Future Cameras

The Best Is Yet to Come With the Cameras of the Future

Digital cameras are always changing, adding new features and improving old ones. The technologies appearing in today's cameras were initially discovered several years ago, perhaps even for a different purpose, before becoming part of the mainstream camera world.

Here are some of the most interesting and promising changes coming to digital camera technology in the near future.

01
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Goodbye, Shutter Button

Cameras of the future may no longer require a shutter button. Instead, photographers could wink or use a voice command to tell the camera to record a photo. In the case of a wink, the camera probably would be built into a person's glasses, or another everyday item. With the camera built into a pair of glasses, aiming the camera would be easy, too.

This type of camera potentially could work in a manner similar to a hands-free cell phone, where you can issue commands without the need to push a button.

02
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Redefining "Ultra Compact"

An ultra compact camera generally is defined as a camera that measures 1 inch or less in thickness. Such small cameras are great because they easily fit in a pants pocket or a purse.

The camera of the future could redefine "ultra compact," though, creating cameras that could be 0.5 inches in thickness and maybe with smaller dimensions than today's cameras.

This prediction makes some sense, as digital cameras from a decade ago were much larger than today's small models, and the high-tech components inside digital cameras continue to shrink. As more cameras incorporate touch screens for operating the camera, the camera's size could be determined by the size of its display screen, eliminating all other controls and buttons, much like a smartphone.

03
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"Smell-graphy"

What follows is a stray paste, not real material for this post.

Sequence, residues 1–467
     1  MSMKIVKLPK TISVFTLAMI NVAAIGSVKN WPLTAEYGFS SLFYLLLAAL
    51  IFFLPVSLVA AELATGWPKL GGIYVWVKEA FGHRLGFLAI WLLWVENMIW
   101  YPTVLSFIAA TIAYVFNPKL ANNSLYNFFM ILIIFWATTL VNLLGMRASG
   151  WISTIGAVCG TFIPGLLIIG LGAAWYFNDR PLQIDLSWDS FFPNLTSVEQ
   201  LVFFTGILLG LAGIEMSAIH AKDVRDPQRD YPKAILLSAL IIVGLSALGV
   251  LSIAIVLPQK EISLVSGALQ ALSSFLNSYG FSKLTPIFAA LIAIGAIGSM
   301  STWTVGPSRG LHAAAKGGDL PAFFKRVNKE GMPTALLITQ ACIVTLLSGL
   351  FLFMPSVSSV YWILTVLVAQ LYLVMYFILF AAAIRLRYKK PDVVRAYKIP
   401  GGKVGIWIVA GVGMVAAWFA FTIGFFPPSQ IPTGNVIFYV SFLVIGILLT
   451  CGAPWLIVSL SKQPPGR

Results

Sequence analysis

Photography is a visual medium, but the camera of the future may add the sense of smell to photographs.

Adding the ability to stimulate senses other than vision to photographs would be an interesting idea. For example, a photographer could command the camera to record the smell of the scene, embedding it with the visual image that it captured. The ability to add smells to photographs would need to be optional, though ... adding smells to a photograph of food or a field of flowers would be great, but adding smells to photographs of the monkey house at the zoo might not be desirable.

04
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Unlimited Battery Power

Today's rechargeable batteries in digital cameras are as powerful as they've ever been, allowing at least a few hundred photographs per charge. However, what if you could charge the camera automatically as you're using it, without the need to be plugged into an electrical outlet?

The camera of the future could incorporate some sort of solar energy cell, allowing the battery to either operate only from solar power or allowing it to charge the battery using the solar cell.

Some questions would have to be answered first, such as how much the solar cell would add to the size of the camera. Still, though, it would be nice to have a built-in solution to prevent the problem of a dead battery.

Olympus' effort at setting its ultra-zoom SP-100 camera apart involves giving this model a futuristic Dot Sight mechanism that will help you track far-off subjects while the camera's powerful 50X optical zoom is fully engaged. Most photographers who have made use of cameras with long zoom lenses have experienced the problem of having a subject move out of the frame while shooting over a long distance with the zoom in use.

The Dot Sight is built into the popup flash unit and gives the SP-100 a unique feature. You certainly won't find this type of feature on any other consumer-level camera.

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Light Field Recording

Lytro

Lytro cameras have been employing light field technology for a few years, but this idea may become a bigger part of general photography soon. Light field photography involves recording the photo and then determining which portion of the photo you want to have in focus later. 

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No Light Required

Cameras that excel in low light -- or no light -- photography are on the way. The ISO setting in a digital camera determines the sensitivity to light for the image sensor, and a setting of 51,200 is a common maximum ISO setting for today's DSLR cameras.

But Canon has unveiled a new camera, the ME20F-SH, that would have a maximum ISO of 4 million, which effectively would allow the camera to work in the dark. Expect more cameras in the future that can match this model's low light performance level ... and exceed it.

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